Oracle Reports More Than 23,000 Downloads Of Its iPhone Apps - InformationWeek

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Oracle Reports More Than 23,000 Downloads Of Its iPhone Apps

While Apple iPhone apps have a small presence in the business world, IT execs at Disney, Genentech, and Kraft are endorsing the iPhone.

Oracle's business intelligence software for the Apple iPhone is making slow but steady progress. Oracle, one of only two enterprise software vendors that are offering iPhone applications, said Friday that there have been 23,055 downloads of Oracle Business Indicators since the software became available at Apple's App Store one month ago.

Oracle Business Indicators was developed for 3G iPhone users whose businesses or organizations use Oracle's BI software, called Oracle Business Intelligence Enterprise Edition (OBIEE). The only other available enterprise software offering native to the iPhone is Salesforce.com Mobile, designed for users whose organizations are Salesforce customers.

Downloads of Oracle Business Indicators thus far represent just a fraction of the user community for OBIEE; about 5,000 organizations, some with thousands of employees, use the Oracle BI apps. Still, those 23,055 downloads show that at least some iPhone users are getting support from their companies' IT administrators, as user access to OBIEE apps typically requires the help of IT.

The U.S. Oracle BI community is by far the largest supporter of the iPhone, with 18,698 downloads of Oracle Business Indicators. The remaining downloads come from Great Britain, 1,082; the rest of Europe, 1,433; Australia, 399; and 1,443 from various other countries.

Oracle's Business Indicators applications let users of several Oracle BI applications get information sent to their iPhones. Finance, sales, and manufacturing managers can get alerts and updates based on predefined business metrics, such as if sales goals are met or shipment levels dip.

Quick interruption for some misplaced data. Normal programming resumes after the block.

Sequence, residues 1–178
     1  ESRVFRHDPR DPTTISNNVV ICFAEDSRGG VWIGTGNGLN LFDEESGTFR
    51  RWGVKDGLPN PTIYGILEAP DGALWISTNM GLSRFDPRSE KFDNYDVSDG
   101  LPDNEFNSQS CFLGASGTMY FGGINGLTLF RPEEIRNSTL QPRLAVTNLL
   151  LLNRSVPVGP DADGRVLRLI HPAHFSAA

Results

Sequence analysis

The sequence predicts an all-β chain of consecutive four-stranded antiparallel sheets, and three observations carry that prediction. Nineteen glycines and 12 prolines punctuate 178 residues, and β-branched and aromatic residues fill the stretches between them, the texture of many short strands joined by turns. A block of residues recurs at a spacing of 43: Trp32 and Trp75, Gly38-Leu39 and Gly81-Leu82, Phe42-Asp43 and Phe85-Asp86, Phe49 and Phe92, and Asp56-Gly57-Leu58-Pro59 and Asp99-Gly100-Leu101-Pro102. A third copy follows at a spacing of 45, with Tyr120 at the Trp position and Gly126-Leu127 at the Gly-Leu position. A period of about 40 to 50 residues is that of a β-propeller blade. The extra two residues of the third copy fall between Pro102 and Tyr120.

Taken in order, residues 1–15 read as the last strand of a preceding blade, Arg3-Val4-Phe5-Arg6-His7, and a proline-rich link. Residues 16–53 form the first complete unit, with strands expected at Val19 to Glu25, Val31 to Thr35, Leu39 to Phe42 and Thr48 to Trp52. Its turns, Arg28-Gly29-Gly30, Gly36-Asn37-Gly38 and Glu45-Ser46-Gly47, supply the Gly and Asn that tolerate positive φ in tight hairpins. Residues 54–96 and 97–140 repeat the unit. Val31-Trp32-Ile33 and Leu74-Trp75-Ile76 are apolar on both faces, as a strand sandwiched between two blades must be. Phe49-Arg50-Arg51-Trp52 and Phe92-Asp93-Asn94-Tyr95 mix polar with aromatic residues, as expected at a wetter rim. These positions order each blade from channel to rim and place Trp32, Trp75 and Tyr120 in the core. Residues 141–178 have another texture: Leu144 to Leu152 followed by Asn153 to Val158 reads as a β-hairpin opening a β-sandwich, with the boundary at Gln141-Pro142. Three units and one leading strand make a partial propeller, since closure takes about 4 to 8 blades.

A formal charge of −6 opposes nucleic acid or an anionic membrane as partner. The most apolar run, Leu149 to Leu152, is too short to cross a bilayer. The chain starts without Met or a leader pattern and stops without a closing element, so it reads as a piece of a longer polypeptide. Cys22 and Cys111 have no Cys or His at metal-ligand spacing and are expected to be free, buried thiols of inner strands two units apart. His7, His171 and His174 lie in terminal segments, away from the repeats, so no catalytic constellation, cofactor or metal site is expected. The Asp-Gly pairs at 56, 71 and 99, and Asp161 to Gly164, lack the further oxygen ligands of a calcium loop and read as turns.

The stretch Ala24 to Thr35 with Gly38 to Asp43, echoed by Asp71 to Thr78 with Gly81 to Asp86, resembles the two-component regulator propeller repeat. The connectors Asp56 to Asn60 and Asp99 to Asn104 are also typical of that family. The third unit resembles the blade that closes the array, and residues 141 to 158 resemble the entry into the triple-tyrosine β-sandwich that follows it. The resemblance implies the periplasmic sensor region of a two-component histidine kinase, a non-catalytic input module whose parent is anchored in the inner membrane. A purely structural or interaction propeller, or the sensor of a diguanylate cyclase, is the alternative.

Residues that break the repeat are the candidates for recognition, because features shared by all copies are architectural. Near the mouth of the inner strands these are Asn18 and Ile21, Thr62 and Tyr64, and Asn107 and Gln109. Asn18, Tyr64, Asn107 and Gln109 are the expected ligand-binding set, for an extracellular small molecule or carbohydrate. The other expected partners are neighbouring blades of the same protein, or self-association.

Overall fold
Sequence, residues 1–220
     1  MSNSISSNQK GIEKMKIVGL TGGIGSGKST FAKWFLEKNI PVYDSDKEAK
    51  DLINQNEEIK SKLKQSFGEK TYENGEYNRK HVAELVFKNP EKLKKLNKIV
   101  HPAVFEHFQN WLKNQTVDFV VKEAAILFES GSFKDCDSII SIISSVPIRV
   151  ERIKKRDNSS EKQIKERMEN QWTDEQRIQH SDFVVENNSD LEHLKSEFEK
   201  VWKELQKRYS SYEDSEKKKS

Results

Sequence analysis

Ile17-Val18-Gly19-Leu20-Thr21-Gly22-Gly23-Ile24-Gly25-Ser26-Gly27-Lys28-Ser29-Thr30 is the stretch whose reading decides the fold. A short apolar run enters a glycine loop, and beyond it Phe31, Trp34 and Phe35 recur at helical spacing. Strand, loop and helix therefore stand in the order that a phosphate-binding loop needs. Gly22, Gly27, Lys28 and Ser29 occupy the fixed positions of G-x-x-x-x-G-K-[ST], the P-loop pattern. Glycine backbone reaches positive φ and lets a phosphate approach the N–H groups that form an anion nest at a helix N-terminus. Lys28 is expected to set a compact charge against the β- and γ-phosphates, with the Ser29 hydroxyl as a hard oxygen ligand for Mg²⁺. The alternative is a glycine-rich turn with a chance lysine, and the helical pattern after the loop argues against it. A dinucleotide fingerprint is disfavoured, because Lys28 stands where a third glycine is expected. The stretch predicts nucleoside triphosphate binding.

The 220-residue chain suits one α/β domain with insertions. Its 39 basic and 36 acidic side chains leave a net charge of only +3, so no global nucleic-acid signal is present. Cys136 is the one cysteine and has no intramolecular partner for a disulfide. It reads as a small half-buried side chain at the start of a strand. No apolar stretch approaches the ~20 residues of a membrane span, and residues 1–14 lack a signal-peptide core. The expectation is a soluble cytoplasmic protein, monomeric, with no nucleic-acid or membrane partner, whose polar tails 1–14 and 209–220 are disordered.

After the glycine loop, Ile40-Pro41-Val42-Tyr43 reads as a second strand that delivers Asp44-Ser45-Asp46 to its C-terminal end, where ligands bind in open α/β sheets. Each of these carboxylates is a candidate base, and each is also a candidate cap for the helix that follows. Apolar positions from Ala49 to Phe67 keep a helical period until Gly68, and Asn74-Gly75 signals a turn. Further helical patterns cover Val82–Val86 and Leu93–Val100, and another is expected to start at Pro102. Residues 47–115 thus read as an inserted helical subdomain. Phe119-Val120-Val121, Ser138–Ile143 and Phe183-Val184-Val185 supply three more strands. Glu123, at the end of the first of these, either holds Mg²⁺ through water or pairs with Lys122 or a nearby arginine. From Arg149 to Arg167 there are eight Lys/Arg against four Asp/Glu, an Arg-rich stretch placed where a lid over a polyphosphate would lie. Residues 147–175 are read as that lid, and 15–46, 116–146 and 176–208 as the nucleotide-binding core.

The mobile apps are free to Oracle BI customers, and data can be viewed in graphical or tabular format. Oracle plans to broaden the line to include apps that let managers make approvals -- for things such as new hires or expense reports -- using their phones. It's also promising apps that bring capabilities from its CRM software, such as contact management and sales forecasting, to iPhones.

Apple is trying to drum up business interest in the iPhone, and its Web site now includes video testimonials from Kraft CIO Mark Dajani, Disney senior VP Randy Brooks, and Genentech CIO Todd Pierce. The executives, however, do not specify how employees are using the iPhones within their organizations.

Consulting firm Gartner last week said the iPhone meets the minimum requirements for use on a corporate network, but companies that deploy the device will need to take a number of steps to prepare it for business use.

The iPhone can be safely used for a narrow set of applications, such as voice, e-mail, personal information manager, and Web browsing, Gartner said in a report. However, the firm advised businesses to deploy the iPhone slowly and assess trade-offs in hardware design and functionality relative to other options in use, such as Research In Motion BlackBerry or devices running Microsoft's Windows Mobile.

InformationWeek recently developed a report on mobile device management, including guidance for successful mobile-device management efforts. The report can be downloaded here (registration required).

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